Well, Shochu is relatively new to me though I knew what it was. It is not Saké at all though it is sometimes made from rice. It is actually a distilled liquor with about a 25% alcohol content, though it sometimes can be as high as 42% or more. Shochu is often clear in color, like vodka, which it resembles in a few other ways as well. The word shochu is written with the Chinese characters for “fiery liquor.” In Korea, they also make shochu but they call it soju. Some Japanese shochu will be labeled as soju. For most purposes, they are the same thing. The main difference is that nearly all Korean soju is of the koshu type, meaning it has undergone multple distillations.
Shochu probably originated in China or Korea. The first known usage of the term in Japan was around 1559 in Kagoshima, on the island of Kyushu. Shochu is currently very popular in Japan though it is only starting to make some headway in the U.S.
Saké brewing requires relatively lower temperatures but shochu can be distilled in warmer regions. Plus, the higher alcohol content and drier feel of shochu is more appealing to many in milder climates. Health conscious consumers prefer shochu than other types of alcohol because of its low calories, only about 15-20 calories per ounce.
Shochu can be made from any number of ingredients including barley, rice, sweet potatoes, brown sugar, chestnuts, buckwheat, shiso leaf, sesame, and even milk. The most common ingredient is barley, which makes up about 53% of all shochu. About 21% is made from sweet potato though it is considered more for connoisseurs. Dependent on the ingredients and how it is made, shochu can have a wide range of flavors. It can be smooth and light to peaty, earthy and strong.
Here are a few descriptions of different shochu styles.
- Rice Shochu: This has a fairly thick taste and may have developed in regions that were too warm for Saké production.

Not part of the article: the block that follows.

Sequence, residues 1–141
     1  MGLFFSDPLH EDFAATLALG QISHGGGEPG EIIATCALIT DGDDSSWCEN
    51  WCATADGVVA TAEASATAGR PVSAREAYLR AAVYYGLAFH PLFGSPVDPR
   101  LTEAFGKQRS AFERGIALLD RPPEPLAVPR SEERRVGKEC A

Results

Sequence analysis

- Barley Shochu: This is generally less distinctive than rice shochu and more easy to drink. But, if it is cask-aged, then the taste can be sharper and stronger.
- Sweet Potato Shochu: Also called imo-jochu, this is most commonly made in the southern Kyushu region, especially in the Kagoshima Prefecture. Kagoshima is the only prefecture in Japan that does not make Saké. Imo-jochu tends to have a strong taste and a very distinctive smell. The smell can be offputting to some so it was mainly a local product for a long time. Recently though, producers have suppressed some of the aroma and it has become more popular. It does offers complexity and fullness of flavor that appeals to many.
- Brown Sugar Shochu: This has a mild taste and really does not have much of a sweet taste.
- Soba or Buckwheat Shochu: This has an even milder taste than barley.
Shochu is generally separated into two categories, dependent on whether it undergoes a single distillation or multiple ones. Otsurui, or otsushu, is distilled once and korui, or koshu, is distilled several times. Otsurui has a more distinctive aroma and flavor. It is more often enjoyed on the rocks. This type may also be referred to as honkaku, or authentic, shochu, because it’s the original style, dating back at least to the 13th or 14th Century. Koshu, as it is lighter and cleaner, is more often mixed in cocktails. Perhaps its most popular form is the "chu-hi," a shochu high ball made using numerous fruit flavors. It can be found in single-serving cans or mixed fresh at bars and pubs. Another way to enjoy either type is known as "oyu-wari," which is simply mixing it with a bit of hot water. This reduces the alcohol flavor, strengthens others flavors and warms the body.
In the distillation process, koji mold is used (which is also used in making Saké). There are three main types of koji mold used: yellow koji, white koji and black koji. The type of koji used will affect the taste of the shochu.
Have you tried shochu before? If so, please share your thoughts about it.